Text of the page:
Scottish Schools Education Research Centre (SSERC)

Scottish Schools Education Research Centre (SSERC), in partnership with the REC Foundation and VEX Robotics, will organise and coordinate an extracurricular competition based on the VEX GO platform. Teams of students will collaborate to tackle a range of tasks with goals such as creating unique robot designs, writing efficient code in a block-based programming language, and having a creative approach to problem solving. Combined funding from Digital Xtra Fund and the REC Foundation will be used to purchase 30 VEX GO sets enabling up to 15 schools in Dumfries & Galloway, Perth & Kinross, or South Ayrshire to take part at no cost to them.

Shawlands Academy

Students at Shawlands Academy in Glasgow will have an opportunity to take part in FIRST LEGO League in 2021/22. FIRST LEGO League introduces STEM concepts and skills to children in S1 – S4 through fun, exciting hands-on challenges. Students will engage in research, design, coding, and engineering to build a series of different LEGO based robots that can follow instructions and navigate different missions about transportation and logistics. The missions are set by the League under this year’s theme of Cargo Connect.

Shawlands Primary School

Shawlands Primary School in Glasgow have been running a coding club for two years and will use the grant to purchase Spheros to take the club to the next level. The club is run by the school’s Digital Leader of Learning and Digital Ambassadors who are a group of pupils that have demonstrated an interest in learning about digital technologies. The Digital Ambassadors will help their fellow students learn to code the Spheros and use them in activities such as navigating a maze, painting, playing Battleship and exploring angles, speed, and distance.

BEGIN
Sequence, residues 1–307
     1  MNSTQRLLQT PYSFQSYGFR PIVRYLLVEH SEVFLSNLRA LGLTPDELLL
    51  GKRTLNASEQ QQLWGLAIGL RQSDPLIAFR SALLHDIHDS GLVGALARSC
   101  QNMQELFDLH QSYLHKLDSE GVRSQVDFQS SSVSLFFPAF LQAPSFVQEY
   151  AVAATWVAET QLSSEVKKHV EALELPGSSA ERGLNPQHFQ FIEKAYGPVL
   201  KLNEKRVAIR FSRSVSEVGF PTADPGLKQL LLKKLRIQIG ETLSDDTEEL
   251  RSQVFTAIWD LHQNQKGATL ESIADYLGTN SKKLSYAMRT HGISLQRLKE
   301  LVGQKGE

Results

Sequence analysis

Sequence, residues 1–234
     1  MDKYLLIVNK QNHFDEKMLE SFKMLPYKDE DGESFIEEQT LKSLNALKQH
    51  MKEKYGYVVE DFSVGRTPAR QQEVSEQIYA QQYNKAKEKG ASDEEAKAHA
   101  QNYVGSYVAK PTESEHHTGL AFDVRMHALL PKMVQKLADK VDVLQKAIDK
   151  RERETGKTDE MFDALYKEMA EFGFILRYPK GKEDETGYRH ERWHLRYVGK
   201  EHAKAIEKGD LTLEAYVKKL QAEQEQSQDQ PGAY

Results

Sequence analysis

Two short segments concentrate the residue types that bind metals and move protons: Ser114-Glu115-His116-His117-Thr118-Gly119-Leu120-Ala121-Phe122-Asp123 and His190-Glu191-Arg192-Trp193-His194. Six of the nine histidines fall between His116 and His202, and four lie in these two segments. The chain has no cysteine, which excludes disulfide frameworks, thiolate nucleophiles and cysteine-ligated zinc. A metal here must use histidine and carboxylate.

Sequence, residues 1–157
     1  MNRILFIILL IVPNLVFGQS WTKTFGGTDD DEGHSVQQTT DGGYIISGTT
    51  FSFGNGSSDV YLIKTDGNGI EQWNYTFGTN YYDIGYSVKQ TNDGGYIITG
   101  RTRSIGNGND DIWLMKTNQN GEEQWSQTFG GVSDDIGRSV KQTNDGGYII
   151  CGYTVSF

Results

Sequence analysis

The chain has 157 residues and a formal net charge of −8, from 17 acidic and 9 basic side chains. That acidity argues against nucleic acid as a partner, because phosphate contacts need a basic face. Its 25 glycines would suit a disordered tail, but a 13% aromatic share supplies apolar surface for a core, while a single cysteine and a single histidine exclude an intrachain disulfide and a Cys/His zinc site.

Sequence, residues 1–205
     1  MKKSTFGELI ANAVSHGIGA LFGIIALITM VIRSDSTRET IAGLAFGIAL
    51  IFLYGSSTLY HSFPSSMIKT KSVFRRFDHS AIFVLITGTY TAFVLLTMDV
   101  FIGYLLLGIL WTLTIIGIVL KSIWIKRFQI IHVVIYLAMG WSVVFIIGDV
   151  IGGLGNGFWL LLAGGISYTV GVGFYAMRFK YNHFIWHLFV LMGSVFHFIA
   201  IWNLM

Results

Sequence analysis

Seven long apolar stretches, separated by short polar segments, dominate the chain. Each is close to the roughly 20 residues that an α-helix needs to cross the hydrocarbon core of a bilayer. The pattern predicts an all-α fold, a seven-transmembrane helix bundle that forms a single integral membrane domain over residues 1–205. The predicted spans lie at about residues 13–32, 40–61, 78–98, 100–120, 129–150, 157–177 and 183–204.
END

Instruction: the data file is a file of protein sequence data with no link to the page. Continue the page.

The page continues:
Southmuir Primary School

There are not enough women in the tech sector and we need to engage girls from a young age to effectively reverse this. Southmuir Primary School in Angus will use the funding to purchase a variety of equipment such as Dash & Dot robots, VEX Go, and micro:bit accessories to help set up an all-girls coding club. This will be in addition to their current Code Club that was described as “thriving” before the pandemic. Students will also have an opportunity to become Young STEM Leaders by taking part and learn about cyber security from staff at St Andrew’s University.

St. Andrew’s Primary School

St. Andrew’s Primary School in North Lanarkshire will develop a lunchtime club for pupils ranging from early to second level of the Curriculum for Excellence, with a focus on the most vulnerable pupils. Run by their staff Digital Champion and Digital Leaders pupil group, the objective of the club is to provide lifelong, digital skills-based experiences. Students will learn about coding using Scratch and programmable drones, robotics, augmented reality, video-making, and animation. The ‘Dynamic Digital Developers’ will start at a beginner’s level for each lesson and develop their skills weekly through a variety of challenges.

T-Exchange, Moray Makerspace

T-Exchange, Moray Makerspace will host a series of remote and in-person Technology Day Events & Coding Experiences to give young people in Moray, the Highlands, and Orkney opportunities to code using visual programming languages such as Scratch or micro:bit hex coding as well as learning about examples of coding in the real world. Participants will also have an opportunity to use a range of other devices including micro:bits, Spheros, e-textiles, and :MOVE minis as well as learning about electronics and how to solder.